Ten years later, on January 10, 1928, he became the fifth Secretary of the Smithsonian after the death of Charles Doolittle Walcott . [2] Abbot would also maintain his position as Director of the Astrophysical Observatory. In 1927, Walcott had finalized the Smithsonian’s strategic plan , which Abbot took over as Secretary of State. The Smithsonian began a capital campaign in 1929, coinciding with the beginning of the Great Depression . During this tenure, Abbot oversaw the Smithsonian’s involvement in Works Progress Administration projects, including the Federal Art Project . Projects included new buildings and artwork at theNational Zoo , and the Smithsonian’s first media project, a radio show called The World is Yours . [1] The program would be ceased in 1942 due to World War II . [12] In the 1930s an expansion was approved for the National Museum of Natural History Building, which would not begin until the 1960s. The Institute for Social Anthropology was also transferred to the Smithsonian during this time. [1] While Secretary, Abbot would fail to acquire the National Gallery of Art for the Smithsonian. Abbot’s role in the United States National Museumwas also minimal, and was under the primary care of Assistant Secretary Alexander Wetmore . [4]

He was the first Smithsonian Secretary to withdraw, ending his tenure on July 1, 1944. Following retirement, he was awarded Secretary Emeritus status [1] and proceeded to continue his research work. [13] The first Smithsonian holiday party would be held during its tenure. At the party, Blood Abbot and played the cello for the partygoers. While in Washington, he was a deaconat the First Congregational Church. He also played tennis at the Smithsonian Castle. [1]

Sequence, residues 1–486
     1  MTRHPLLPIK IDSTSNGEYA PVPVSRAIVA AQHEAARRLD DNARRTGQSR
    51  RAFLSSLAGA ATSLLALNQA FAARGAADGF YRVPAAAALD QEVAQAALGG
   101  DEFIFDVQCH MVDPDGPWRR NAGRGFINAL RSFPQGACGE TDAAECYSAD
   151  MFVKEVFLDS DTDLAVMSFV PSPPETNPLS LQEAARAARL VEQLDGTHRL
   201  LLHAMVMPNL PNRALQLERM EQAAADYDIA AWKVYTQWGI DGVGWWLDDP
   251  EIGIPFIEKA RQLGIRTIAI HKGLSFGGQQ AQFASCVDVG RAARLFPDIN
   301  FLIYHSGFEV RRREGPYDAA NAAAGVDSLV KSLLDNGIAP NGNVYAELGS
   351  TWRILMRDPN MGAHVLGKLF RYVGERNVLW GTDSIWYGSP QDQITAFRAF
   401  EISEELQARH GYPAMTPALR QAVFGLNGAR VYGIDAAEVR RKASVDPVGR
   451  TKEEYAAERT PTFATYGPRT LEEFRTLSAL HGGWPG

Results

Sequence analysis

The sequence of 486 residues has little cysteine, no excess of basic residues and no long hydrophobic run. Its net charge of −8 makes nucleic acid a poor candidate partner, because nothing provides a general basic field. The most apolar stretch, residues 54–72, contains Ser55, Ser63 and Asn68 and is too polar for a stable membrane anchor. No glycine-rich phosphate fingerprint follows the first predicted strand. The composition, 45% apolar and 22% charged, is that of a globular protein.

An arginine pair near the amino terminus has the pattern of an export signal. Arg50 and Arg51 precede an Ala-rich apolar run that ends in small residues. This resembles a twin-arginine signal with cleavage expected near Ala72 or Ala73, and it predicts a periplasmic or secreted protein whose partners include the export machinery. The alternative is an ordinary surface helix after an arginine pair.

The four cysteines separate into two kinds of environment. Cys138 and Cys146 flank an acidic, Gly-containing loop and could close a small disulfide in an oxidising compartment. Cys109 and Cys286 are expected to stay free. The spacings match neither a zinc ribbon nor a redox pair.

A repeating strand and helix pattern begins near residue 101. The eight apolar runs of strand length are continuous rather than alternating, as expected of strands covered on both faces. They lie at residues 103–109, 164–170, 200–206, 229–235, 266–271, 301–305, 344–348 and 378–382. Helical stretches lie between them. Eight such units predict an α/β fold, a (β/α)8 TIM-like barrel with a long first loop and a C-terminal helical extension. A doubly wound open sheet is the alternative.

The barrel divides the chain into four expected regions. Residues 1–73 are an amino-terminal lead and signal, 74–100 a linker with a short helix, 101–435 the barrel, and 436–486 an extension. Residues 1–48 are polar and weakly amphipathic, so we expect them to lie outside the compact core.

Later life and legacy

On May 31, 1955, the Smithsonian held a birthday party for Abbot, marking his 83rd birthday and his 60th year of association with the Smithsonian. The event was held at the Smithsonian Castle and a bronze bust of Abbot, by Alicia Neatherly , was presented, and donated to the National Gallery of Art . [14] Charles Greeley Abbot died, at age 101 in Maryland , on December 17, 1973. [1] [15] The American Solar Energy Society has an award named in Abbot’s honor, which is awarded for contributions to solar energy research. [16]

The Abbot Crater on the Moon has been named after him.

Research work

Abbot ‘s solar cooker at Mount Wilson Observatory.

Abbot began his astrophysics research focusing on solar radiation before proceeding to cyclic patterns found in solar variations . With this research he hoped to track solar constant in order to make predicted weather pattern. [1] He believed that the sun was a variable star on which the weather on Earth, which was criticized by many contemporaries. In 1953, he discovered a connection between solar variations and planetary climate. This discovery allowed general climate patterns to be predicted 50 years in advance. [2] He did field work at the Smithsonian Institution Shelter , which was built during his tenure as director at SAO,Lick Observatory , and Mount Wilson Observatory . At Lick, he worked with WW Campbell . To fight critics, Abbot would use balloons with pyrheliometers installed on them for measurements. He was the first scientist in America to do so, with the balloons reaching upwards of 25 kilometers. One balloon returned data that allowed the earth’s atmosphere . Later in his research career, he turned his focus on solar energy use. [4]

An instrumentalist , [4] he invented the solar cooker , which was first built at Mount Wilson Observatory, [5] the solar boiler , [5] and 15 other patents related to solar energy . [1] [6] For his research and contributions to the sciences, Abbot was awarded to Henry Draper Medal in 1910 and to Rumford Medal in 1916. [4]